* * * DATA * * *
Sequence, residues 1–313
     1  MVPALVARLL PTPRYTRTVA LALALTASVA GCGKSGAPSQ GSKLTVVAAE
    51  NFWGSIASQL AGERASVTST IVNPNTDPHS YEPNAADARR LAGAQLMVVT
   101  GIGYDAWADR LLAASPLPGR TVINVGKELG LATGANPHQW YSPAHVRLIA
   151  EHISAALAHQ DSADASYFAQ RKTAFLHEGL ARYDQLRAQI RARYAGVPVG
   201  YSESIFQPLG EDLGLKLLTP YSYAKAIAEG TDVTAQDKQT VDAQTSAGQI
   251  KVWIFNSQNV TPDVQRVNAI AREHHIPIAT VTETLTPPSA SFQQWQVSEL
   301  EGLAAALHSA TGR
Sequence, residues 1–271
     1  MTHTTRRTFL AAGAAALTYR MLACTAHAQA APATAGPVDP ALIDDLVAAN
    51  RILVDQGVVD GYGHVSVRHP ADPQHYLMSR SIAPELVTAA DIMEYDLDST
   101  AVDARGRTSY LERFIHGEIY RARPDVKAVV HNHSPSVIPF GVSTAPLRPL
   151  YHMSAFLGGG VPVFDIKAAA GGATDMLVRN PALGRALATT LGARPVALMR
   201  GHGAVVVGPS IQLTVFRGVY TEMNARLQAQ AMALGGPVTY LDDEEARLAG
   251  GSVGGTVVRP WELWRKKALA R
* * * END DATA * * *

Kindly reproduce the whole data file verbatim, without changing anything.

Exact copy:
Sequence, residues 1–313
     1  MVPALVARLL PTPRYTRTVA LALALTASVA GCGKSGAPSQ GSKLTVVAAE
    51  NFWGSIASQL AGERASVTST IVNPNTDPHS YEPNAADARR LAGAQLMVVT
   101  GIGYDAWADR LLAASPLPGR TVINVGKELG LATGANPHQW YSPAHVRLIA
   151  EHISAALAHQ DSADASYFAQ RKTAFLHEGL ARYDQLRAQI RARYAGVPVG
   201  YSESIFQPLG EDLGLKLLTP YSYAKAIAEG TDVTAQDKQT VDAQTSAGQI
   251  KVWIFNSQNV TPDVQRVNAI AREHHIPIAT VTETLTPPSA SFQQWQVSEL
   301  EGLAAALHSA TGR
Sequence, residues 1–271
     1  MTHTTRRTFL AAGAAALTYR MLACTAHAQA APATAGPVDP ALIDDLVAAN
    51  RILVDQGVVD GYGHVSVRHP ADPQHYLMSR SIAPELVTAA DIMEYDLDST
   101  AVDARGRTSY LERFIHGEIY RARPDVKAVV HNHSPSVIPF GVSTAPLRPL
   151  YHMSAFLGGG VPVFDIKAAA GGATDMLVRN PALGRALATT LGARPVALMR
   201  GHGAVVVGPS IQLTVFRGVY TEMNARLQAQ AMALGGPVTY LDDEEARLAG
   251  GSVGGTVVRP WELWRKKALA R